The FSIA, under 28 U.S.C. § 1605(a)(1), provides:
(a) A foreign state shall not be immune from the jurisdiction of courts of the United States or of the States in any case—
(1) in which the foreign state has waived its immunity either explicitly or by implication, notwithstanding any withdrawal of the waiver which the foreign state may purport to effect except in accordance with the terms of the waiver.
A good starting point for understanding the D.C. Court of Appeals’ approach is the Second Circuit case, Transatlantic Shiffahrskontor GmbH v. Shanghai Foreign Trade Corp., 204 F.3d 384, 391 (2d Cir. 2000). Here, the plaintiff attempted to establish jurisdiction for a suit that did not concern the enforcement of an international arbitration award. The Court of Appeals for the Second Circuit held simply signing the New York Convention alone—without an arbitration award—was not sufficient to waive sovereign immunity unless the “cause of action is so closely related to the claim for enforcement of the arbitral award.” Similarly, in Creighton Ltd. v. Government of State of Qatar, the D.C. Court of Appeals refused to find Qatar had waived sovereign immunity based on arbitrating in a signatory state to the New York Convention because Qatar had not signed the Convention.
U.S. courts have also denied finding a waiver of sovereign immunity when states sign international treaties that are not for the enforcement of arbitral awards. For example, in Reers v. Deutche Bahn AG, the U.S. District Court for the Southern District of New York held that “[b]y signing the Convention Concerning International Carriage by Rail (COTIF), a treaty that regulated litigation arising from railway transportation in signatory countries Germany and its instrumentalities did not impliedly waive sovereign immunity.”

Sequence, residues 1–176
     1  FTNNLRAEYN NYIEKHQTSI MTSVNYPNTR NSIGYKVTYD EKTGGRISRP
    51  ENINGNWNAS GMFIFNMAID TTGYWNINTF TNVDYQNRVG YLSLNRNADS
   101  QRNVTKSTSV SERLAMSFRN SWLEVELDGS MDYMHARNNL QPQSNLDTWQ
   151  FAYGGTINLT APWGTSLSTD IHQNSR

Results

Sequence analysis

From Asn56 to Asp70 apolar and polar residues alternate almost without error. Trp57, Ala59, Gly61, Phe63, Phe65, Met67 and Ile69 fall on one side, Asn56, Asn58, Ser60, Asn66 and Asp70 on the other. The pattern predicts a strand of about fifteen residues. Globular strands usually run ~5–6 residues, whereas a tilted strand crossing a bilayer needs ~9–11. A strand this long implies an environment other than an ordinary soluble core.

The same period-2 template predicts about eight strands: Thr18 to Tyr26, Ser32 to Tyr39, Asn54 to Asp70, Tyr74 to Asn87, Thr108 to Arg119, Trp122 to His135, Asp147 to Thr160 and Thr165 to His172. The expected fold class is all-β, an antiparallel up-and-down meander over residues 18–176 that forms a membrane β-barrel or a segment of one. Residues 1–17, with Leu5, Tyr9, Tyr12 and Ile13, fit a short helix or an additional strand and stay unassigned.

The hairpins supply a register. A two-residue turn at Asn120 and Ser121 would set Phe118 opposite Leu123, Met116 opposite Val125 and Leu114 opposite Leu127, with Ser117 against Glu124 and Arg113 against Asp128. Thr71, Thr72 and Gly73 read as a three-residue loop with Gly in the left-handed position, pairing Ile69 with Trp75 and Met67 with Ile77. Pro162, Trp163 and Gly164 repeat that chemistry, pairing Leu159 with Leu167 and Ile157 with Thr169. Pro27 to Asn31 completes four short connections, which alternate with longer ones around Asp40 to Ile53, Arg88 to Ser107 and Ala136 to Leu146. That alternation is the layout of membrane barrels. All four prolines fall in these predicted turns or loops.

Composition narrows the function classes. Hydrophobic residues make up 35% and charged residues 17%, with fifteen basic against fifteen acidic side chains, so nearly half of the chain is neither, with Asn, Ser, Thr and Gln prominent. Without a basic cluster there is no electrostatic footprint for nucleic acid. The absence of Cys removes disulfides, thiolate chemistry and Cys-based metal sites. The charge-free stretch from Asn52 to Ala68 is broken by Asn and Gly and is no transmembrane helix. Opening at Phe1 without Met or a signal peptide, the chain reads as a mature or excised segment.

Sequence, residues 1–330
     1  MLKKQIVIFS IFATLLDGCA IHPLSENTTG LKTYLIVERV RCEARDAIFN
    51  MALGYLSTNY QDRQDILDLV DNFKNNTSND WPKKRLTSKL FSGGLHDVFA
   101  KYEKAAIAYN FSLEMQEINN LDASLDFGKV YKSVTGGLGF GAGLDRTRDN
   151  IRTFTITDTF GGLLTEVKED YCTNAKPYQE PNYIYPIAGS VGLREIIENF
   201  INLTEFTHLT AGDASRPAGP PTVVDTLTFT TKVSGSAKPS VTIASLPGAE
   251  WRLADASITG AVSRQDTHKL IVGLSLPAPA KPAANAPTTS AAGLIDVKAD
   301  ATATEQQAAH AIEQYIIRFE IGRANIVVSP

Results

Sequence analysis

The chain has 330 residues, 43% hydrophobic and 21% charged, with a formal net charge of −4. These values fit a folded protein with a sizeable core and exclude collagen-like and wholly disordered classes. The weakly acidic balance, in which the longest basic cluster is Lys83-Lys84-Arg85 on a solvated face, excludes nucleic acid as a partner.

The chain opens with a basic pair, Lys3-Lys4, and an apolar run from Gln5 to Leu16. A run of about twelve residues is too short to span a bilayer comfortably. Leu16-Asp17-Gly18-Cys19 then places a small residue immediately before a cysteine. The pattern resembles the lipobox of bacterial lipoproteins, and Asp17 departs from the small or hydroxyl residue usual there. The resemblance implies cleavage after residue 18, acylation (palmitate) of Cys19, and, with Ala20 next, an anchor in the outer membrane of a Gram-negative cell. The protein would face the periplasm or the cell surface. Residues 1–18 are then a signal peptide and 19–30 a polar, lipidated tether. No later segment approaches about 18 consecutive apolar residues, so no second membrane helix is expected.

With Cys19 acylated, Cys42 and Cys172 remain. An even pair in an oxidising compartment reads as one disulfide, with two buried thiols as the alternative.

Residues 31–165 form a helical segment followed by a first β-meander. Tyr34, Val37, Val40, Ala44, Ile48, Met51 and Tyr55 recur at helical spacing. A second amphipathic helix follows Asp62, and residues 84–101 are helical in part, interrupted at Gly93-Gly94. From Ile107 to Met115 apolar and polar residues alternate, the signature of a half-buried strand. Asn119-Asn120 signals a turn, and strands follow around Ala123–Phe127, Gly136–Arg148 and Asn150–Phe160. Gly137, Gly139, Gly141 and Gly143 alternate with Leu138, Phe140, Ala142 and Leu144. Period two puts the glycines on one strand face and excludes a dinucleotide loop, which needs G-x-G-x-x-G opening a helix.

The New York Convention by its very title (the Convention on the Recognition and Enforcement of Foreign Arbitral Awards) was created as a mechanism to enforce arbitration awards rendered in signatory states. U.S. courts have appreciated this and denied attempts from States to avoid this international obligation by invoking domestic statutes. Under the Vienna Convention, a state may not invoke its internal laws to avoid an international obligation. Thus, if (1) a party obtains an award from a signatory state and (2) the award was rendered in the territory of a signatory state, a state may not refuse enforcement in the U.S. based on sovereign immunity. This opens the door not only to states waiving sovereign immunity by signing the New York Convention, but also other enforcement treaties including the Panama Convention and the ICSID Convention.
On September 22, 2019, Ukraine filed a motion to stay issuance of mandate pending disposition of a petition for certiorari from the Supreme Court. On October 9, 2019, the D.C. Court of Appeals granted the stay until November 8, 2019.